Ammonia is one of the most promising fuels of the future for shipping, but getting it into the fuel mix will be difficult, experts say. Classification society Bureau Veritas has published an Ammonia-Prepared notation and is developing a Rule Note for ammonia as a marine fuel to support advancement towards a zero-carbon future.
Avin International – ammonia course
The Greek shipowner Avin International received in January this year. Kriti Future, the world’s first ammonia-powered main engine unit. The ship was built under the supervision of the Greek branch of the ABS classification society.
At present, Kriti Future is ‘conventionally fuelled’, but benefits from compliance with the ABS Ammonia Ready Level 1 requirements. The suezmax tanker has been classed by American Bureau of Shipping (ABS) and will operate under the Greek Flag.
“This vessel represents a milestone in the development of the maritime industry and a step forward in the readiness to utilize alternative marine fuels,” Filippos Nikolatsopoulos, ABS Manager, Greece Business Development, pointed out.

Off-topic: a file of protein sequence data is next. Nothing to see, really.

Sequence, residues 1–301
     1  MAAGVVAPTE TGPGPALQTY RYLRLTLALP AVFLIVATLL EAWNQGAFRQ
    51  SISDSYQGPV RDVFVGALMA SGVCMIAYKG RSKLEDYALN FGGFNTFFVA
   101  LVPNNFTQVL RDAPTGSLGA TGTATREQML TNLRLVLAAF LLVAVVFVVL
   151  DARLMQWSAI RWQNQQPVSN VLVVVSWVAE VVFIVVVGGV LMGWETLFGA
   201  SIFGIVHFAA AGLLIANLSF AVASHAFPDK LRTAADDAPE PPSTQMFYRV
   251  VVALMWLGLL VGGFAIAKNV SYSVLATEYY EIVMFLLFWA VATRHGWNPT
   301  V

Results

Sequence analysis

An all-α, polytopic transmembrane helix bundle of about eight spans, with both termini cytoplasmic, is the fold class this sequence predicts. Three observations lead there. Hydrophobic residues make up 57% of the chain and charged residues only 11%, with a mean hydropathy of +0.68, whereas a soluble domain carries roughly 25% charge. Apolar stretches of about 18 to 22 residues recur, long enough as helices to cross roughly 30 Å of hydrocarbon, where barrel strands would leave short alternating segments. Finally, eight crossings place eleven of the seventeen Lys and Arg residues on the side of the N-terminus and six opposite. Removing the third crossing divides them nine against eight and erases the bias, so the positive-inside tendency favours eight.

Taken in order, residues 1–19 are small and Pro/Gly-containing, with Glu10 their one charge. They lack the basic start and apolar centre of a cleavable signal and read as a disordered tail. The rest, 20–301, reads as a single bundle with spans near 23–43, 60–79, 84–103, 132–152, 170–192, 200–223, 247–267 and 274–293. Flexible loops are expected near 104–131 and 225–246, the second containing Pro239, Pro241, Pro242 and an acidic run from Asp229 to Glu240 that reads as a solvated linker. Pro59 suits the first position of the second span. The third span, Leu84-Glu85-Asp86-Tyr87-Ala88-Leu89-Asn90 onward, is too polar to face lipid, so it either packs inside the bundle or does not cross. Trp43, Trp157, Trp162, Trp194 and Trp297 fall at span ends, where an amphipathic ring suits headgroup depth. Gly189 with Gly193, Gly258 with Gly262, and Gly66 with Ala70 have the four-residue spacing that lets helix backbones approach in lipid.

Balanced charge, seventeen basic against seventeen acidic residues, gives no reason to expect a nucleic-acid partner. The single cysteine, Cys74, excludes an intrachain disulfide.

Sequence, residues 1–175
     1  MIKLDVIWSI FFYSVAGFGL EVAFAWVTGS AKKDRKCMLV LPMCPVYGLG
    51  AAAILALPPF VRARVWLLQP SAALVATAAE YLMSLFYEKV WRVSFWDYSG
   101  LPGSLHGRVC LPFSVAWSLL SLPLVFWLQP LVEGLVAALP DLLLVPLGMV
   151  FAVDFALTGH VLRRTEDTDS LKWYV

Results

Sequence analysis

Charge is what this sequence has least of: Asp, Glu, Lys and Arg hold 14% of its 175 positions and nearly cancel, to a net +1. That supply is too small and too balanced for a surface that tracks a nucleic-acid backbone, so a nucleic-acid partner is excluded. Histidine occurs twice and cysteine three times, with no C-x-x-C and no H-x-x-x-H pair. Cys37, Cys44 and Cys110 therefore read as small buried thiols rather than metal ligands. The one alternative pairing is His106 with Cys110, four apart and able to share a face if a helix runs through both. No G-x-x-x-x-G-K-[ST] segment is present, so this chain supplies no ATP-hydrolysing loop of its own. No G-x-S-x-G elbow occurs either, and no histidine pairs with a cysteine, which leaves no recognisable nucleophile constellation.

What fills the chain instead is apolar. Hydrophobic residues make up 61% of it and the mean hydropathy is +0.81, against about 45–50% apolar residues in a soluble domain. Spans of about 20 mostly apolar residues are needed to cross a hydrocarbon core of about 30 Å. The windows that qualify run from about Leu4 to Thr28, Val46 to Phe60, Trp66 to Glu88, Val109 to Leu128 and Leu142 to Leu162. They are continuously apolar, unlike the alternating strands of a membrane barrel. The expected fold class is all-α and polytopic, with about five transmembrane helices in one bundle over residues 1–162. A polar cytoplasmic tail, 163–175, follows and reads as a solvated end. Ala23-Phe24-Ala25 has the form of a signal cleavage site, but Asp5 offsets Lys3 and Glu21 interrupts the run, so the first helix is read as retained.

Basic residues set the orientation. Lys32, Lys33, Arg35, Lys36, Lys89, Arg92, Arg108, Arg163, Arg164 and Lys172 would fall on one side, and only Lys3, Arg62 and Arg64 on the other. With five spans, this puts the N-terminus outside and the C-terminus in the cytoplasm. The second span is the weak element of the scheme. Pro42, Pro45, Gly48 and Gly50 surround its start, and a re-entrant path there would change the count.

The ABS-classed Suezmax was has a deadweight tonnage of 156,700. Ammonia Fuel Ready Level 1 indicates the vessel conforms to the requirements outlined in the ABS Guide for Gas and Other Low-Flashpoint Fuel Ready Vessels.
ZEV Innovation HUB
The Baltic Sea and Space Cluster has established the Baltic ZEV Innovation HUB, which has the potential to build zero-emission ships. The hub is coordinated by the Crist shipyard, and the cooperation is between Nauta Shipyard, ASE Technology Group, TSG Polska and the Cador Consulting design office. Cador is the coordinator of Baltic ICT & AI HUB.
Sources : DNV, Bureau Veritas, ABS, DSIC, AngloEastern, Avin International, BSSC